Those who share their lives with turtles are seen as hardworking and reliable, which is nice, since as we know there are a lot of them—all the way down.2 Amusing to speculate how appalled the flaneurs of nineteenth-century Paris, those idle young men who walked turtles up and down the Parisian shopping arcades at the reptiles’ own pace as a symbol of their detachment from all around them, would be by this assessment. Moving on: owners of ferrets are seen as careless; of rabbits as complex, yet relaxed; and of hedgehogs (it really is extraordinary how specific some of these surveys have been) as unsympathetic and sloppy.3 So much for Beatrix Potter’s Mrs. Tiggy-Winkle.

In every case the animal is seen as defining the human owner. In this way our relationship with our pets, which seems so much something that happens on our side of the front door, is in fact public and communal, and society as a whole claims a role as stakeholder and the right to give its opinion of you in response to whichever of the above you snuggle up with on your sofa. As James Serpell puts it, “In our relationships with animals… emotional and materialistic considerations are both important and, at the same time, frequently in conflict.”4 All this is doubly true if the animal is rare or unusual in some way.

John Caius, the dog man of Elizabethan England, typified the English in 1570 as being “marvelous greedy gaping gluttons after novelties, and covetous cormorants of things that be seldom, rare, strange and hard to get,” but our appetite for the seldom, the rare, and the strange is far older than that. Archeologists have unearthed the bones of a Barbary ape from Navan Fort in Northern Ireland, a hill fort in use from the Bronze Age to the first century AD, where it must have been some high-ranking owner’s pride and joy, although as Barbary apes are native to the high, dry regions of Morocco and the Atlas Mountains, you do worry a little how this one adapted to the gentle wet of Ireland. But you can only conclude that for as long as there have been people to marvel at them, exotic pets from far away have been desired and sought for and marveled at. Which brings us to Isabella d’Este, Federico’s mother, and her hunt for a “Syrian kitten.”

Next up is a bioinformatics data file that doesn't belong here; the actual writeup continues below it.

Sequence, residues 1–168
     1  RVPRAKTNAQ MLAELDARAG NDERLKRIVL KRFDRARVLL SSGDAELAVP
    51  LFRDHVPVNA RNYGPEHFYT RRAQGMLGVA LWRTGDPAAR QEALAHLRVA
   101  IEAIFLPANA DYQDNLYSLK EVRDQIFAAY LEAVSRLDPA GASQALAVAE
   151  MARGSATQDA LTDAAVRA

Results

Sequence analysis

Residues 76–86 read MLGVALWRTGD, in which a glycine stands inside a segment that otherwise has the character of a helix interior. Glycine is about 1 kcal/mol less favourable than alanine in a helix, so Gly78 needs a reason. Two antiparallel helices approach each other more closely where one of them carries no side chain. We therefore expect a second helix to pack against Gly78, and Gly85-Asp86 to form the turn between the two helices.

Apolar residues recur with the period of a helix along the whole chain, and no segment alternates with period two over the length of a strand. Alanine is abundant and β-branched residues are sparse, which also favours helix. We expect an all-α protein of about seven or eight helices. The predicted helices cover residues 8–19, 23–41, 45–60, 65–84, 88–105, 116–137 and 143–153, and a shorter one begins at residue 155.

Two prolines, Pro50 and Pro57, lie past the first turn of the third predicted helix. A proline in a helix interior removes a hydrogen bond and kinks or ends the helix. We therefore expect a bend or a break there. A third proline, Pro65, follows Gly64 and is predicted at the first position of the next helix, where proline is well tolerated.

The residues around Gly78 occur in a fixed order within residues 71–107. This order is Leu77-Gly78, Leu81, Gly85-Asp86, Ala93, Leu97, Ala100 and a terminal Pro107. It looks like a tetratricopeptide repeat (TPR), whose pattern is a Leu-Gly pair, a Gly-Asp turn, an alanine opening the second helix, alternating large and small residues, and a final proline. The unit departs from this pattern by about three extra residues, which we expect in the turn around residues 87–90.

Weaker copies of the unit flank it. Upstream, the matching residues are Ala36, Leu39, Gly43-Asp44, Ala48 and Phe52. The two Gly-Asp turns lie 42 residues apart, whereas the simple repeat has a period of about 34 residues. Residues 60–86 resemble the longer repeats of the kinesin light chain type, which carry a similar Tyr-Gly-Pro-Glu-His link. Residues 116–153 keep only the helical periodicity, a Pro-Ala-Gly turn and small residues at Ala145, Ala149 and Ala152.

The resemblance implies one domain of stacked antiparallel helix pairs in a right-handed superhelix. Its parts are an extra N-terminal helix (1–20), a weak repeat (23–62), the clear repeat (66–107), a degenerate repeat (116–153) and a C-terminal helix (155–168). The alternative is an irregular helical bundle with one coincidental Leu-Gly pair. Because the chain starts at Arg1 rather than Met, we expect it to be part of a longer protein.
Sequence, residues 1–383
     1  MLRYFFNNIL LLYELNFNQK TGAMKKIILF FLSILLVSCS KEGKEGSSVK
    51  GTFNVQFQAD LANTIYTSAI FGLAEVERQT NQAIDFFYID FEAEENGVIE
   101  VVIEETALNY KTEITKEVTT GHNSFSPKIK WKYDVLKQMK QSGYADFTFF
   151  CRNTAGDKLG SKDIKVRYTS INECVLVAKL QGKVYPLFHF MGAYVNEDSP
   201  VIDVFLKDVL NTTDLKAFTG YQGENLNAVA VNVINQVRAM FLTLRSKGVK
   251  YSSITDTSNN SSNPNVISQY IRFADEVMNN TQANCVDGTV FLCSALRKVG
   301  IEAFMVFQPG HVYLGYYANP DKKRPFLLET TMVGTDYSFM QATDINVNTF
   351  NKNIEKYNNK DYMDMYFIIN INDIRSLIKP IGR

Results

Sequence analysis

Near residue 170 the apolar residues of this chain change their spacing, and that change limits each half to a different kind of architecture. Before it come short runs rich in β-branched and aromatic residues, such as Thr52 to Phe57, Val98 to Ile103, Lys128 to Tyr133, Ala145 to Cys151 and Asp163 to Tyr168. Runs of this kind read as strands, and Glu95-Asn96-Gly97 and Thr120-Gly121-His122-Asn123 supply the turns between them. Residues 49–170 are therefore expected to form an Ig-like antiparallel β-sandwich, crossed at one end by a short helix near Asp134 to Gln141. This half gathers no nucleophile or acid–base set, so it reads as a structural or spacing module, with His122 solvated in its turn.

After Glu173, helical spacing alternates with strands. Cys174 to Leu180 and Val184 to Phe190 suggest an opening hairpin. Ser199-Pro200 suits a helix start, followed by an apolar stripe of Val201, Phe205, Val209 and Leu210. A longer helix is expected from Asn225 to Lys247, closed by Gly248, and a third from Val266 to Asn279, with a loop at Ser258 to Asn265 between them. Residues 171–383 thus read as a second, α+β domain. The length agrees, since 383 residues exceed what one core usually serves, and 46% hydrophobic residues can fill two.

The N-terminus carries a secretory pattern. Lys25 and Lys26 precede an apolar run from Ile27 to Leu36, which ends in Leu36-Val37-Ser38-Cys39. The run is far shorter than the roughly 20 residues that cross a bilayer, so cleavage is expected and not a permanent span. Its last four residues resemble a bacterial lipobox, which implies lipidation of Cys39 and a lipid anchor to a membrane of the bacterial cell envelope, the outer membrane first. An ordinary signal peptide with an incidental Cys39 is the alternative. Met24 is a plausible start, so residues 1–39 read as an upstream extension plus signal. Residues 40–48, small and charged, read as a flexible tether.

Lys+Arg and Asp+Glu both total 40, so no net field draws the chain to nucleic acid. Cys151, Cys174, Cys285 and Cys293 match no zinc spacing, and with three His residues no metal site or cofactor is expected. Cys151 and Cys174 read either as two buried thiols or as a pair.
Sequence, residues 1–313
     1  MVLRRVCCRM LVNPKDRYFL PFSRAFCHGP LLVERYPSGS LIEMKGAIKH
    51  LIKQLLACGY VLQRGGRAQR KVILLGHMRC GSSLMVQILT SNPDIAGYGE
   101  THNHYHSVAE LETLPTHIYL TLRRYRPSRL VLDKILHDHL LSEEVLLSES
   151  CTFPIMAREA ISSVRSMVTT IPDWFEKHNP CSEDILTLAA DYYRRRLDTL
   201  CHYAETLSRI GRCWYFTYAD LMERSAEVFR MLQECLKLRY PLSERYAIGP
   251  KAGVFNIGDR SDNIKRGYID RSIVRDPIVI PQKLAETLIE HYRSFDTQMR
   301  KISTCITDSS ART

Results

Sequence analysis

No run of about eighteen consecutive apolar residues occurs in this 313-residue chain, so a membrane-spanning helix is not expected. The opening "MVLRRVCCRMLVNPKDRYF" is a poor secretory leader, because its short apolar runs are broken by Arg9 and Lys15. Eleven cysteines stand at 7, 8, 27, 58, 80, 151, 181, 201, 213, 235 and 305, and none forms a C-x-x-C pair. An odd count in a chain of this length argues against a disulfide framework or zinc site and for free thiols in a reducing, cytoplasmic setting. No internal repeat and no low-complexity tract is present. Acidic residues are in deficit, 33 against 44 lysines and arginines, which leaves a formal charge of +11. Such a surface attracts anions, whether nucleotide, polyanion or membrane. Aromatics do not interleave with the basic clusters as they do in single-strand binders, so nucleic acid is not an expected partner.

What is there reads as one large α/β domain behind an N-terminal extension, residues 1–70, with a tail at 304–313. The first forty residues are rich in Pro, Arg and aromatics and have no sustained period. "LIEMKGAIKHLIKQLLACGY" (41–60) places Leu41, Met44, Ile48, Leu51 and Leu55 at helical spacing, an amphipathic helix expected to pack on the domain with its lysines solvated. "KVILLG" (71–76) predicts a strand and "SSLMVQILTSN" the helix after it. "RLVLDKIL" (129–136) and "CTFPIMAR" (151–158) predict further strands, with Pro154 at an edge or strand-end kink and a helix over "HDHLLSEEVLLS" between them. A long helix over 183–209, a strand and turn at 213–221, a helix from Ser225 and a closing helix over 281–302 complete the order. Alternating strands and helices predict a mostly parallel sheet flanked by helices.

Isabella was one of the most determined collectors Europe has ever seen, and as a state of mind, obsessive collecting is its own feedback mechanism—each acquisition proves you deserve it but, to preserve that sense of self-worth, must be joined by others. The more, in other words, the more.5 This is the spiral that, much lower down the economic order, ends in those sad souls who harbor animals in the dozens in conditions of revolting squalor; but in Isabella’s case was joined to a hefty disposable income and a European-wide network of agents ready to do her bidding. So when in 1496 Isabella decided that what she wanted was this alluring-sounding cat, the hunt was on. But what is a “Syrian kitten,” and what made it so exotic and desirable?